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Seasonal variation in diagnosis of invasive cutaneous melanoma in Eastern England and Scotland

Overview of attention for article published in Cancer Epidemiology, August 2015
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About this Attention Score

  • In the top 25% of all research outputs scored by Altmetric
  • Good Attention Score compared to outputs of the same age (79th percentile)
  • Above-average Attention Score compared to outputs of the same age and source (57th percentile)

Mentioned by

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8 tweeters
facebook
1 Facebook page

Citations

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5 Dimensions

Readers on

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15 Mendeley
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Title
Seasonal variation in diagnosis of invasive cutaneous melanoma in Eastern England and Scotland
Published in
Cancer Epidemiology, August 2015
DOI 10.1016/j.canep.2015.06.006
Pubmed ID
Authors

Fiona M. Walter, Gary A. Abel, Georgios Lyratzopoulos, Jane Melia, David Greenberg, David H. Brewster, Helen Butler, Pippa G. Corrie, Christine Campbell

Abstract

Worldwide, the incidence of cutaneous melanoma has been reported to be highest in the summer and lowest in the winter. Northern Irish data suggested seasonal variation for women only, especially those with thinner melanomas, sited on limbs. We interrogated two larger UK cancer registries for temporal differences in melanoma diagnosis and associated patient characteristics. Melanomas diagnosed from 2006 to 2010 in the Eastern England and Scottish cancer registries (n=11,611) were analysed by month of diagnosis, patient demographics and melanoma characteristics, using descriptive and multivariate modelling methods. More patients with melanoma were diagnosed in the summer months (June 9.9%, July 9.7%, August 9.8%) than the winter months (December 7.2%, January 7.2%, February 7.1%) and this pattern was consistent in both regions. There was evidence that the seasonal patterns varied by sex (p=0.015), melanoma thickness (p=0.002), body site (p=0.006), and type (superficial spreading melanomas p=0.005). The seasonal variation was greatest for diagnosis of melanomas occurring on the limbs. This study has confirmed seasonal variation in melanoma diagnosis in Eastern England and Scotland across almost all population demographics and melanoma characteristics studied, with higher numbers diagnosed in the summer months, particularly on the limbs. Seasonal patterns in skin awareness and related help-seeking are likely to be implicated. Targeted patient interventions to increase sun awareness and encourage year-long skin inspection are warranted.

Twitter Demographics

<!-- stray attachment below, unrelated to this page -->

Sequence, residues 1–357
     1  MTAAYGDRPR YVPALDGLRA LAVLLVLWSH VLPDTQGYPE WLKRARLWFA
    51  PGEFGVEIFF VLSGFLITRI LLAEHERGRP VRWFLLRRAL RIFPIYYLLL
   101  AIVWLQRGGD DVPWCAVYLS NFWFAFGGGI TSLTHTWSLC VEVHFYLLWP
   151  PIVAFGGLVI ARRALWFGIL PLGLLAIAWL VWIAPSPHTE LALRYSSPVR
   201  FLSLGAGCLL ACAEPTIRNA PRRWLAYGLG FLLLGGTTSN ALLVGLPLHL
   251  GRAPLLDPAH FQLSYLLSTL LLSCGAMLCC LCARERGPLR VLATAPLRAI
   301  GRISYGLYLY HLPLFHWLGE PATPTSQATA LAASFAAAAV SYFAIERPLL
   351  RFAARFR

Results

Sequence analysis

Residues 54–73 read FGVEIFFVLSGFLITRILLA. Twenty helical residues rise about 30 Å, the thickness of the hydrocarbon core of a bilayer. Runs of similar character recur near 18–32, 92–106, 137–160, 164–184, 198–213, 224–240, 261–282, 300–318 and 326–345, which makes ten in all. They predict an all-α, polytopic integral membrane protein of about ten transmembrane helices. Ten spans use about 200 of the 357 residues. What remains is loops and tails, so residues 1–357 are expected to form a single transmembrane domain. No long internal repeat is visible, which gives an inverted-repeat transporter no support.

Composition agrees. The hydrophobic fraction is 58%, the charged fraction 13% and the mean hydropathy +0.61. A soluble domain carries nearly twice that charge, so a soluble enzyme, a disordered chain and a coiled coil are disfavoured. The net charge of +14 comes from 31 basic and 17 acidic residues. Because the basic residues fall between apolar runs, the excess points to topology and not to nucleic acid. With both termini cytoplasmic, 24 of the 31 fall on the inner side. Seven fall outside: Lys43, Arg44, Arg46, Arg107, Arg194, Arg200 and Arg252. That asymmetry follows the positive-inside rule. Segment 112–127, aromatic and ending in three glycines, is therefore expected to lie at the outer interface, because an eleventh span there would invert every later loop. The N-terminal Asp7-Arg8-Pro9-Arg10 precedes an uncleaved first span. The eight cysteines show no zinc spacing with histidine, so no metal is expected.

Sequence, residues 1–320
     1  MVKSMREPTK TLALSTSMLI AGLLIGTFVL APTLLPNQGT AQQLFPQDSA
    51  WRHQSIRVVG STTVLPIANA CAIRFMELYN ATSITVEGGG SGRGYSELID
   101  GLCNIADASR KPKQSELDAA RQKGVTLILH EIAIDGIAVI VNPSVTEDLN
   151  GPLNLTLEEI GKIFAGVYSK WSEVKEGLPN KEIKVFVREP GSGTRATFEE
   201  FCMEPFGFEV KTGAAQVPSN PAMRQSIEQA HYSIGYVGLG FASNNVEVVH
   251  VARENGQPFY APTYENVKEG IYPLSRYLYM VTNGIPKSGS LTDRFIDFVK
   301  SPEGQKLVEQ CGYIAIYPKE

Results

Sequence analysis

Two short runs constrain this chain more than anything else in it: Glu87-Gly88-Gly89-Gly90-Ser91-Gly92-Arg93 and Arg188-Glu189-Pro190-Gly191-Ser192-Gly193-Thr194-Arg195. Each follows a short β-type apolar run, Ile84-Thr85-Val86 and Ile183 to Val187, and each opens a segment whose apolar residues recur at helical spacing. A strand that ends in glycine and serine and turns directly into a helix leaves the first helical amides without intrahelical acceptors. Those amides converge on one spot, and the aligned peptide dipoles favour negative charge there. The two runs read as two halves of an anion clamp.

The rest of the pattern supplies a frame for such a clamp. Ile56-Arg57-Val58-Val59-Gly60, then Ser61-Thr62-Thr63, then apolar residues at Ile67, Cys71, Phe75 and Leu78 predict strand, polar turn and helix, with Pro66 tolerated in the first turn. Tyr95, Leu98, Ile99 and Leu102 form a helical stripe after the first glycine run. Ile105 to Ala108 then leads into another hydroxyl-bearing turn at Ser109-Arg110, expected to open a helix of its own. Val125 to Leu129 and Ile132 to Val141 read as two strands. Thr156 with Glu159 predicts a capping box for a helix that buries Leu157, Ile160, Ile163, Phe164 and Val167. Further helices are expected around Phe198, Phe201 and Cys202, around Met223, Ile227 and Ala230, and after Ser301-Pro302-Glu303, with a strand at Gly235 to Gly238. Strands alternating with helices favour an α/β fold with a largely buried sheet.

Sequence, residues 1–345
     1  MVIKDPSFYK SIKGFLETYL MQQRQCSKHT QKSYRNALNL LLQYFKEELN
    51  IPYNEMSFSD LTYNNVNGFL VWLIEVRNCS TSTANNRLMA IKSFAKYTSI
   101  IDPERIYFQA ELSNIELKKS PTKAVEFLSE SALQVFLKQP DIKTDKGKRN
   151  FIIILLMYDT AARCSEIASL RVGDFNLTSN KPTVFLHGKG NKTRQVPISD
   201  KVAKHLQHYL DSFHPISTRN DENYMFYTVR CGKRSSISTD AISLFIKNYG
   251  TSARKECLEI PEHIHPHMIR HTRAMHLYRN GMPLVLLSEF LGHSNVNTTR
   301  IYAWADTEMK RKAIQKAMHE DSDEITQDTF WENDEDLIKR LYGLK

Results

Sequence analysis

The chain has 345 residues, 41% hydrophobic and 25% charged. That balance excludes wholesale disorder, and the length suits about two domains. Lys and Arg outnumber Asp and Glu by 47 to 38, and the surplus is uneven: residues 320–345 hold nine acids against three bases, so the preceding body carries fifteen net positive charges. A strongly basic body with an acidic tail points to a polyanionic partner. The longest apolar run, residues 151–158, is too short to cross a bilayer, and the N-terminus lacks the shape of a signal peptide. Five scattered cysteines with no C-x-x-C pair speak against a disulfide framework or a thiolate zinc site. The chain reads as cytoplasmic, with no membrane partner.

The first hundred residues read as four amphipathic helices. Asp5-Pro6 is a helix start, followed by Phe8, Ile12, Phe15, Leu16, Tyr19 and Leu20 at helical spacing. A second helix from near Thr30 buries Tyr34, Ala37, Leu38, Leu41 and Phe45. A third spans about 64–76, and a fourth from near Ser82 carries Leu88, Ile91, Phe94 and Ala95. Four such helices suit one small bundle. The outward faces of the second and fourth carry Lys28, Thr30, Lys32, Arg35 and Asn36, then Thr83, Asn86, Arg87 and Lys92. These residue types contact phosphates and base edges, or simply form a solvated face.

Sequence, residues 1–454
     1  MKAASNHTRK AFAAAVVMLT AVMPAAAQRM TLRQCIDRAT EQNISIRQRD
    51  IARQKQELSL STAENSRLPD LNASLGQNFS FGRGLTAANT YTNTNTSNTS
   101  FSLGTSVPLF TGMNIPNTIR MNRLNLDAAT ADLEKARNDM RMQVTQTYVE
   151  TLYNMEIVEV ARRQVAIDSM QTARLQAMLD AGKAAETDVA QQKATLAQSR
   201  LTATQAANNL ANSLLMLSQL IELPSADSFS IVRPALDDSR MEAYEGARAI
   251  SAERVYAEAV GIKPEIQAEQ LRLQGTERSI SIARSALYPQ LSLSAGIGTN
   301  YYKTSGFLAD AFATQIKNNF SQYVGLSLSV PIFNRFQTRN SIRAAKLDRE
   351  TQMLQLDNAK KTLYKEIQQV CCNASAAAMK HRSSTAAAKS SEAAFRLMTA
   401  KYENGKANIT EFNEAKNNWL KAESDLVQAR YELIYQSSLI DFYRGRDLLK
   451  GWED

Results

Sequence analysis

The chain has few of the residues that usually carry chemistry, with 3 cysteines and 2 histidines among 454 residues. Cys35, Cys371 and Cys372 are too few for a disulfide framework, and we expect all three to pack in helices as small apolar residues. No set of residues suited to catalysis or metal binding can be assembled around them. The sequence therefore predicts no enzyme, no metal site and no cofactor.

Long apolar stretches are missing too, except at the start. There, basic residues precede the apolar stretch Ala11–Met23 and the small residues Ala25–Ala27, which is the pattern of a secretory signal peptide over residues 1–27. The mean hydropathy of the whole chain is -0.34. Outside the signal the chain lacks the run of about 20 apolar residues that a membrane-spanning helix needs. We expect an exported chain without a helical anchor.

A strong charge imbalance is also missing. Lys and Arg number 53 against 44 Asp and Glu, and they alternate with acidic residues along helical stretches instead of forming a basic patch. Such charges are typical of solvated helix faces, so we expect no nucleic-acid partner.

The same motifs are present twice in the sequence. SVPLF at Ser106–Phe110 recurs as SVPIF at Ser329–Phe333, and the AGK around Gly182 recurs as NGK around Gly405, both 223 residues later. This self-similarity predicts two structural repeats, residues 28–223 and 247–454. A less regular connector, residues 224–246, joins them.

The data shown below were collected from the profiles of 8 tweeters who shared this research output. Click here to find out more about how the information was compiled.

Mendeley readers

The data shown below were compiled from readership statistics for 15 Mendeley readers of this research output. Click here to see the associated Mendeley record.

Geographical breakdown

Country Count As %
Namibia 1 7%
Unknown 14 93%

Demographic breakdown

Readers by professional status Count As %
Student > Ph. D. Student 3 20%
Researcher 3 20%
Student > Master 2 13%
Student > Bachelor 2 13%
Student > Postgraduate 2 13%
Other 3 20%
Readers by discipline Count As %
Medicine and Dentistry 5 33%
Agricultural and Biological Sciences 4 27%
Unspecified 3 20%
Earth and Planetary Sciences 1 7%
Psychology 1 7%
Other 1 7%

Attention Score in Context

This research output has an Altmetric Attention Score of 7. This is our high-level measure of the quality and quantity of online attention that it has received. This Attention Score, as well as the ranking and number of research outputs shown below, was calculated when the research output was last mentioned on 04 September 2015.
All research outputs
#2,191,967
of 12,547,694 outputs
Outputs from Cancer Epidemiology
#146
of 596 outputs
Outputs of similar age
#47,712
of 232,231 outputs
Outputs of similar age from Cancer Epidemiology
#14
of 33 outputs
Altmetric has tracked 12,547,694 research outputs across all sources so far. Compared to these this one has done well and is in the 82nd percentile: it's in the top 25% of all research outputs ever tracked by Altmetric.
So far Altmetric has tracked 596 research outputs from this source. They typically receive more attention than average, with a mean Attention Score of 9.7. This one has done well, scoring higher than 75% of its peers.
Older research outputs will score higher simply because they've had more time to accumulate mentions. To account for age we can compare this Altmetric Attention Score to the 232,231 tracked outputs that were published within six weeks on either side of this one in any source. This one has done well, scoring higher than 79% of its contemporaries.
We're also able to compare this research output to 33 others from the same source and published within six weeks on either side of this one. This one has gotten more attention than average, scoring higher than 57% of its contemporaries.